Allied to CAADP but driven entirely by external, Northern agencies, the Alliance for a Green Revolution for Africa, known as AGRA has had a rather more sinister influence. This programme receives significant private funding, primarily through the Bill and Melinda Gates Foundation, assisted by philanthropists like Warren Buffet and recently, the world’s richest man, Carlos Slim.
As a consequence AGRA is beset by powerfully ideological inclinations, primarily along the lines of neo-liberal alignment, allied with technocratic interventionism. Consequently there is extensive input from corporate entities such as GMO seed companies like Monsanto, from fertiliser groups, as well as from state entities like the US Aid, the UK’s development arm DFID and other OECD, as well as some African governments to provide legitimacy.
The ideological baggage inextricably embedded in these programmes threatens their long-term success for identical reasons that repeated external attempts to reform African agriculture have failed since the mid twentieth century. The primary reason for these failures are because researchers and aid groups have attempted to impose external developmental models like the “green revolution” on traditional farmers without properly understanding the fundamentally different requirements of the far more marginal farming systems found in Africa.
African agriculture is worlds apart from experiences in the northern hemisphere, be it in North America with its huge infrastructure and wealth, or even India or China with considerably more predictable weather patterns. Just as the first green revolution bypassed Africa, the attempt to impose a new green revolution, as well intentioned as it may be, is seriously handicapped by numerous challenges.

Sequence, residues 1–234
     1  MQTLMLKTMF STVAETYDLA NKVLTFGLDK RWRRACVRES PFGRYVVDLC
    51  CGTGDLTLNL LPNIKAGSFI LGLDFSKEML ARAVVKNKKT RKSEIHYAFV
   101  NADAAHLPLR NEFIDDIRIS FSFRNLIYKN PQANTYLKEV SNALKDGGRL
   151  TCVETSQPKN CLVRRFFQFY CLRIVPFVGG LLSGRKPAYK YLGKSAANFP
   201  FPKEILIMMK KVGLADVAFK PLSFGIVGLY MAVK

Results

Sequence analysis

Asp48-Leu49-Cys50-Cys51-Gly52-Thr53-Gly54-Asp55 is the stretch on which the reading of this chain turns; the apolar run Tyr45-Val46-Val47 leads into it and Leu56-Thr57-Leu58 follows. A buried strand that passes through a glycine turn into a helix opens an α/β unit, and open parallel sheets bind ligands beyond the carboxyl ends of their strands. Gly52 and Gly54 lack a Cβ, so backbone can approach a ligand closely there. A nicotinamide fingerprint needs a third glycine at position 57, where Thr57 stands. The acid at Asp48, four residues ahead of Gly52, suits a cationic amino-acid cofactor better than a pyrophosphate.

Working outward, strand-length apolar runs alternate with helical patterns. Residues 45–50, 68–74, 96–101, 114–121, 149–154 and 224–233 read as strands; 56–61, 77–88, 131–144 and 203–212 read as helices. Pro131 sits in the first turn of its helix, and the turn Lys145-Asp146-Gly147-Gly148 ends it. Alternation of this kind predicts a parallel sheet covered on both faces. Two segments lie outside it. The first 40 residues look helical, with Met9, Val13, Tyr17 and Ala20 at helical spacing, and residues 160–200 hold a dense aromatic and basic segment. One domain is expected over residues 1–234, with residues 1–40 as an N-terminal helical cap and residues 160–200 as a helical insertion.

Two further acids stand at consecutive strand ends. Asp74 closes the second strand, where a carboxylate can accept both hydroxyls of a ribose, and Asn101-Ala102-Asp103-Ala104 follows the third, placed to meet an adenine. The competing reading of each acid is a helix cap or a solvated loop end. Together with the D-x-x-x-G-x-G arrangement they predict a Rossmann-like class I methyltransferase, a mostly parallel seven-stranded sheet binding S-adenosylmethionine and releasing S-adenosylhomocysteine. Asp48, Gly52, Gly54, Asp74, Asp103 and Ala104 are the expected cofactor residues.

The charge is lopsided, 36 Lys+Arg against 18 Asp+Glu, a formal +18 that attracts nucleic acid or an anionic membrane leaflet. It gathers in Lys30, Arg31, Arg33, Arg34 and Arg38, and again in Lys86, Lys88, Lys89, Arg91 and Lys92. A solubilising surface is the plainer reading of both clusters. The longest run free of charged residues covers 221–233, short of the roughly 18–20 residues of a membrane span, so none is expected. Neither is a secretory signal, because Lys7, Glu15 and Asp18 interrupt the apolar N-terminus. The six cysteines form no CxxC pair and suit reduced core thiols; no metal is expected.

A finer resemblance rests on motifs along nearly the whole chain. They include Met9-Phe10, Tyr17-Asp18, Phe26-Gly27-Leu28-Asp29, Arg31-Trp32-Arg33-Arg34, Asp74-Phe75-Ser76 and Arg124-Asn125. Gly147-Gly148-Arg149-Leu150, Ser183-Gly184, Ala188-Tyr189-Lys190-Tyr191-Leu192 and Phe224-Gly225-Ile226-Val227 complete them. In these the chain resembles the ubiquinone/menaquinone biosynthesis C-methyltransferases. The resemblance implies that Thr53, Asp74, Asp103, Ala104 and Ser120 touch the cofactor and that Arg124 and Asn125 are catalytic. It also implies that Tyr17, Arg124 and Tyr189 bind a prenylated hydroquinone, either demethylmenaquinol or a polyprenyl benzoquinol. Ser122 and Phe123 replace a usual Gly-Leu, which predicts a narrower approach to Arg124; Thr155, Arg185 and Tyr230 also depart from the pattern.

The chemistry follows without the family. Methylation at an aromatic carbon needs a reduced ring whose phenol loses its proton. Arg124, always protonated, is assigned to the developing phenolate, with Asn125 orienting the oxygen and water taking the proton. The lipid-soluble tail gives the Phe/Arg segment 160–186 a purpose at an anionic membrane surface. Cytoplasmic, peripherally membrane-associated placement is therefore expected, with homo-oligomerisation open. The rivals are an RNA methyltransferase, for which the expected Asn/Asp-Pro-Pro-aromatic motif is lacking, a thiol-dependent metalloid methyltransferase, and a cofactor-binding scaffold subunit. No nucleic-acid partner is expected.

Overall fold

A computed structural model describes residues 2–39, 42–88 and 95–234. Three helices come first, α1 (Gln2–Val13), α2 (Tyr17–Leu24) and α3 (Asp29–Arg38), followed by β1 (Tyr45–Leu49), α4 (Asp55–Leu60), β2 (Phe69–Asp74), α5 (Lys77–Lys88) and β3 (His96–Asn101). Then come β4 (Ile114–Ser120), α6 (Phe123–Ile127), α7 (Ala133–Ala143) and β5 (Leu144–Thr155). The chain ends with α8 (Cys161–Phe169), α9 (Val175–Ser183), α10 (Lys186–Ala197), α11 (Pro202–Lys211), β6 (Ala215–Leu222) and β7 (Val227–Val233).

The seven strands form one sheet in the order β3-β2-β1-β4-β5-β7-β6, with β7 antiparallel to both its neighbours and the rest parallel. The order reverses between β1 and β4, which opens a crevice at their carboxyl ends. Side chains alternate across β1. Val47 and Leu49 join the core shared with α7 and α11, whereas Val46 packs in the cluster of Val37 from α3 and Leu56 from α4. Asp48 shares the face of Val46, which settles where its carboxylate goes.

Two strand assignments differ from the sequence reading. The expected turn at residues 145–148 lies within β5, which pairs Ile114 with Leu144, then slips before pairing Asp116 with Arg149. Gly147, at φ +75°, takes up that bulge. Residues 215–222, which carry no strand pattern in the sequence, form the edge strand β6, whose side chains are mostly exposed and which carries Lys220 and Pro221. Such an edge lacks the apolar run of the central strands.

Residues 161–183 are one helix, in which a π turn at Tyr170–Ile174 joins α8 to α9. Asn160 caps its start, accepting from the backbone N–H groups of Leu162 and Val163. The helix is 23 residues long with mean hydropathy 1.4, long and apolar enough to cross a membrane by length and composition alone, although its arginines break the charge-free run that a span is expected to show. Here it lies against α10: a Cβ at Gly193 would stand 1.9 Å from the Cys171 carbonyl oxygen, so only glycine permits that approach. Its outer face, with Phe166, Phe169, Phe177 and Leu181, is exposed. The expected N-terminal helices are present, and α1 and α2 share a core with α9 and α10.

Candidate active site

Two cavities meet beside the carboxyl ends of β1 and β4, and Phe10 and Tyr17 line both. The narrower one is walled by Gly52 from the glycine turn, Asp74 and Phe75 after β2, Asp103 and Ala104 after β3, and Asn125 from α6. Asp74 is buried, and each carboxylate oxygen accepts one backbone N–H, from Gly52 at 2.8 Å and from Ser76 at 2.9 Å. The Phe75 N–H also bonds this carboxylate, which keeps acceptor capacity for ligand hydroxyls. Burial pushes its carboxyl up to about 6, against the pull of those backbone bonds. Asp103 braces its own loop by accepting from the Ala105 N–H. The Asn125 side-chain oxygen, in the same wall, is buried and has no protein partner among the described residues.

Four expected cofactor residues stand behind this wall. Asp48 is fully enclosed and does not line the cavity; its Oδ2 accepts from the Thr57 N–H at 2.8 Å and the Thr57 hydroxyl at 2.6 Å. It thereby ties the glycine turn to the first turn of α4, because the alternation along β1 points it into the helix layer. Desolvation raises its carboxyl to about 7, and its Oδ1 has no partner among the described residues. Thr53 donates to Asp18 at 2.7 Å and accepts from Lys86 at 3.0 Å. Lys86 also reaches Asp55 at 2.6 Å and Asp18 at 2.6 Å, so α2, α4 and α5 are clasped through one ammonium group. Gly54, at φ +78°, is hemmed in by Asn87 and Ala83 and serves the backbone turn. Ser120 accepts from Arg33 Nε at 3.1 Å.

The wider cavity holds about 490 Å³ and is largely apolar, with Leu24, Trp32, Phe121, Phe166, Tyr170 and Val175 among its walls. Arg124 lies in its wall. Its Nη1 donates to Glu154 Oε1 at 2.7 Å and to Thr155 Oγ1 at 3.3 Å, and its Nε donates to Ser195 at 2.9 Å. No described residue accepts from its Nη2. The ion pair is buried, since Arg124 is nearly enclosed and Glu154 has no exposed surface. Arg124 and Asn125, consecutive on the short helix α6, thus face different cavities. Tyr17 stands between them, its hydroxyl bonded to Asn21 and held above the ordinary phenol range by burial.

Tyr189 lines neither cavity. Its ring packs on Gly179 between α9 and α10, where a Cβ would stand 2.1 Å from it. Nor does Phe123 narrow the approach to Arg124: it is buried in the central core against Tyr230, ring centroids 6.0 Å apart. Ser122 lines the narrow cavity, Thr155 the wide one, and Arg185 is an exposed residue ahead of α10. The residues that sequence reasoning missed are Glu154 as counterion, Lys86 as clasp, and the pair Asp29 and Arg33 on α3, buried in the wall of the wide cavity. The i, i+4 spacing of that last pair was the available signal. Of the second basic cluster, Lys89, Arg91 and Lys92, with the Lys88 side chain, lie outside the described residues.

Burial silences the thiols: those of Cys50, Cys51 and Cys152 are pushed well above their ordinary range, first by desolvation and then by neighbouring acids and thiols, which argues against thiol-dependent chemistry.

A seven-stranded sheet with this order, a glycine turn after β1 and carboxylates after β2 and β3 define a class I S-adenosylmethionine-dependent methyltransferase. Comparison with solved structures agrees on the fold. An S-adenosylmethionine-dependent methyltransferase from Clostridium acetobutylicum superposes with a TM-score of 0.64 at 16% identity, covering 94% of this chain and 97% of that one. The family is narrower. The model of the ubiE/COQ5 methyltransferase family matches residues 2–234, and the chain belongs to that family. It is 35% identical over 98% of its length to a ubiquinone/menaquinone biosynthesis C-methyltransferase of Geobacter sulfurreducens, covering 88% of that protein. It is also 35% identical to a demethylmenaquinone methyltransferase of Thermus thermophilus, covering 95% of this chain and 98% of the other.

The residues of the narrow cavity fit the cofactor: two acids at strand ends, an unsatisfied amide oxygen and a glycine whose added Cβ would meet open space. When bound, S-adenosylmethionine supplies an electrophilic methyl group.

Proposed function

The most successful African food security improvement programmes have been inclusive, not coercive. The present drive to green African agriculture is accompanied by a powerful commercial imperative. This is analogous to the provision of extension services by vested interests. Experience has repeatedly shown that the imposition of expensive, high-input systems on resource poor farmers is doomed to fail.
African agriculture requires direct to farmer, low cost, knowledge rich inputs. Many successful models to enhance productivity have emerged amongst developing farmers over the past few decades. These include rice intensification, multiple cropping methods, improved breeding programmes and drought resistant agricultural methodology. These, together with improved distribution, marketing and infrastructure have proven far more successful than externally imposed high input, high tech models, unsuited to local conditions.
Coupled to this push for external inputs is a massive drive by private interests to purchase some of the richest farmland in Africa. These projects are motivated solely in order to profitably produce food and biofuel crops, again mainly export, using intensive industrial agricultural models. These projects stand to undermine any gains made either by AGRA or CAADP, as traditional owners are displaced from vast swathes of productive land and into marginal production zones or urban areas.
So where does this all lead? In short, if we are to reform the productive capacity of African agriculture, which can be significantly improved, then such programmes should address African requirements. Certainly Africans should accept assistance from external donors but this cannot be inseparably linked to externally imposed ideological baggage, but must be employed sensitively, in concert with local interests.